1. Individual-facing, allowing the person to choose to access the service or benefit.
  1. Use existing and emerging technology to facilitate a different kind of access to benefits and services.
  1. More dynamic, flexible and responsive in real time, recognising that independent work runs on a different timescale, and with a different cash flow to full-time employment.
  1. Allow those in gig work to access and contribute to benefits regardless of the number of different companies that they are working with.


The following illustrates the issues to which WorkerTech applications offer a solution, and some of the initiatives and ideas that are emerging to support independent workers:

On-demand Insurance


  • Companies have been developing insurance models that are often time-limited or responsive to real-time activity.
  • Pay-as-you-go payment models or cheaper policies for shorter time periods align better to the cash-flow and working reality of independent workers.
  • Policies cover areas including commercial cover, medical cover, sick pay, home-sharing.
  • Companies are using more detailed data-capture to respond to individual-level activity and asset use.

Collective Action Platforms


  • There has been a widespread fall in trade union membership, especially among young people.
  • Unions themselves are working to digitise and offer different membership models.
  • In parallel, new types of peer-to-peer platforms have emerged to support collective action. These can bring workers together on an ad-hoc, needs driven basis to campaign on a single issue. They can provide a means for individuals to share experiences and knowledge, as well as setting collective action strategies.

Tax, Banking and Payment Platforms


  • The rise of smart-phone based banking has enabled the growth of banking solutions designed specifically for the self-employed.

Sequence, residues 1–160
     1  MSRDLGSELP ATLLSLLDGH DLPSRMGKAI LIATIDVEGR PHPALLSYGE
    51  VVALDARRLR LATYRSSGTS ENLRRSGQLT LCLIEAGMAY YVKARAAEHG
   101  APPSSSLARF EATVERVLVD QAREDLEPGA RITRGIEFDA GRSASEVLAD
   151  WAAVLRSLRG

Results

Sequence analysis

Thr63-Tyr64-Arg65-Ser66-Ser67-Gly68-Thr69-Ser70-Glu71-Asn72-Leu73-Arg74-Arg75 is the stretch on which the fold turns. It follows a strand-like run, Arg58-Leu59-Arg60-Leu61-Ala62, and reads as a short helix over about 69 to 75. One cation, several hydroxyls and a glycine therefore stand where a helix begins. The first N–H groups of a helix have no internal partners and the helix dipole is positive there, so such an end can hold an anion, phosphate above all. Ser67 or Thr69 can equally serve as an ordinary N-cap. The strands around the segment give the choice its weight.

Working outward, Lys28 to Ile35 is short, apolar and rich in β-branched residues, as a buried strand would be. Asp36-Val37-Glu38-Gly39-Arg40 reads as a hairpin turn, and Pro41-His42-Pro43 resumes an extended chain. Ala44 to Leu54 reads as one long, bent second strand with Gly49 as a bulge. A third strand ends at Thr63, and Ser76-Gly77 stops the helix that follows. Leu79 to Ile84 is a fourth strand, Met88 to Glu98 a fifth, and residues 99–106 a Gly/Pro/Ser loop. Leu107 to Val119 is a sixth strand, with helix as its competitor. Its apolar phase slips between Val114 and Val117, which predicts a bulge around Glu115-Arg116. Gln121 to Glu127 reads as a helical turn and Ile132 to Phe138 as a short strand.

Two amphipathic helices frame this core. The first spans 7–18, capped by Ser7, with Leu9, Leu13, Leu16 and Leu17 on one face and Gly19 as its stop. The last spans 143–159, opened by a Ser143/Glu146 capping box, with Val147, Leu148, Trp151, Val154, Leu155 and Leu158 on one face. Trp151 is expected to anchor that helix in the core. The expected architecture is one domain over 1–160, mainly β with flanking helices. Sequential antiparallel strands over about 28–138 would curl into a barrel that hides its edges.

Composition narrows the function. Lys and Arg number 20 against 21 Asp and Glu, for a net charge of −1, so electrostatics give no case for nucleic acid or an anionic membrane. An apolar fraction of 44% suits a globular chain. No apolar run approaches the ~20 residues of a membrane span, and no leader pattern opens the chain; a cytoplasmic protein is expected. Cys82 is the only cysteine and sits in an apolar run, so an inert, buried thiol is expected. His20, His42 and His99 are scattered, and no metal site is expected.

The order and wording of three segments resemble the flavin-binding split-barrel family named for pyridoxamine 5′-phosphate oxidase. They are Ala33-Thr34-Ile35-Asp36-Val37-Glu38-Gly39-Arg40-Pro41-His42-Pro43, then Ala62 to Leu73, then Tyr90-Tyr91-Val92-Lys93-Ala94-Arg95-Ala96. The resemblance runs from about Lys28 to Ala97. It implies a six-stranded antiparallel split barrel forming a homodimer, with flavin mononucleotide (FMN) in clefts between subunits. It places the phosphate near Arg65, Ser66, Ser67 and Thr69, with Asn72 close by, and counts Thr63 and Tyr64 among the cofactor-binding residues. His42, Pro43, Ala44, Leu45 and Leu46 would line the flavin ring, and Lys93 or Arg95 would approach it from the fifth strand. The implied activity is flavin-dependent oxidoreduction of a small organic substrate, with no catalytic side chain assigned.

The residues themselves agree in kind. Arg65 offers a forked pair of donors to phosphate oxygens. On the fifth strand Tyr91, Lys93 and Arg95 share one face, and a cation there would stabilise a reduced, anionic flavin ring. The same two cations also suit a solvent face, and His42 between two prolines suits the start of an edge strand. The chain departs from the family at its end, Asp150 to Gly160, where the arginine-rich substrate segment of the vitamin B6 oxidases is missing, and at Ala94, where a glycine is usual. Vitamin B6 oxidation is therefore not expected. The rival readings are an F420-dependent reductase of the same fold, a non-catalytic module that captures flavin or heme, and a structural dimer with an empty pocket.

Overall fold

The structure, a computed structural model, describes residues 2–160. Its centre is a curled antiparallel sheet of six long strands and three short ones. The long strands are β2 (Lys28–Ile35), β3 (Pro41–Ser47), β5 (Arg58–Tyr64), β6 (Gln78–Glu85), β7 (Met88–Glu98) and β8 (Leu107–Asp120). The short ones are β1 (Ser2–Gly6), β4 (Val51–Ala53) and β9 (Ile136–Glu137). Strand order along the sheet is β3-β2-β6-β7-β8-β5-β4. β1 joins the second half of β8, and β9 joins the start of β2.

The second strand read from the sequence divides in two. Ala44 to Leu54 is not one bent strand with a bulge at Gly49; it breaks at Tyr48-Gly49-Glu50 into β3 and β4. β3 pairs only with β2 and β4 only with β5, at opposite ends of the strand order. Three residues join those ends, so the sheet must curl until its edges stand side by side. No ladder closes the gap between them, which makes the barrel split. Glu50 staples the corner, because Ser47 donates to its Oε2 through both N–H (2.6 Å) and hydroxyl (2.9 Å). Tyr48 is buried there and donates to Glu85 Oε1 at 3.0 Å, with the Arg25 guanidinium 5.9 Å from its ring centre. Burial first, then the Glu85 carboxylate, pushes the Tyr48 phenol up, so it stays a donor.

• Independent workers can manage tax, expenses and payments through a current account platform.
  • In the UK, such initiatives could integrate with the Government’s Making Tax Digital programme.
  • Real-time tax estimates allow freelancers to manage their tax throughout the year, which is more reflective of the ways in which independent work is carried out and paid for than an annual tax bill.
  • Real-time payments are another feature of this area of WorkerTech currently being explored by the likes of Mastercard, to address the pervasive challenge of late payments to the self-employed.

Pensions Platforms


  • Matthew Taylor’s government-commissioned review of modern working practices encouraged the government to make the most of opportunities presented by digital platforms to improve pension provision among the self-employed.
  • Cashless transactions, and flexible contributions will be important to the self-employed, given cash flow restraints and varying levels of income.
  • Those exploring ways of incentivising and lowering the barriers to paying into a pension should take technology into account, while recognising that cash-flow is such for independent workers that a fixed rate approach might not work.

Portable Benefits Platforms


  • These are conceptualised as platforms that allow independent workers to accrue benefits. They are tied to the individual and can thus move with them from job to job.
  • The Aspen Institute has suggested that portable benefits could work as follows: Workers own their own benefits – they are not tied to a specific job or company, and are thus portable. And companies could make contributions at a fixed rate based on how much an individual works for them.
  • In the USA, members of Congress attempted to introduce a bill to create a $20 million fund to issue grants to state and local governments piloting portable benefits systems.
  • The EU’s Pillar of Social Rights supports portable benefits as a way to build better social protection for gig workers.

Online Redress/Reporting Mechanisms


  • Independent workers often have no recourse when it comes to reporting abuses of any kind, including late payments, removal from a platform, or changes to a contract.
  • The rise in worker-facing platforms, as well as government digitisation programmes, could allow new platforms to be developed that offer workers a mechanism through which to lodge complaints.
  • As part of its response to the Taylor Review, the UK Government has committed to developing an online tool that allows individuals to determine their employment status in the majority of cases.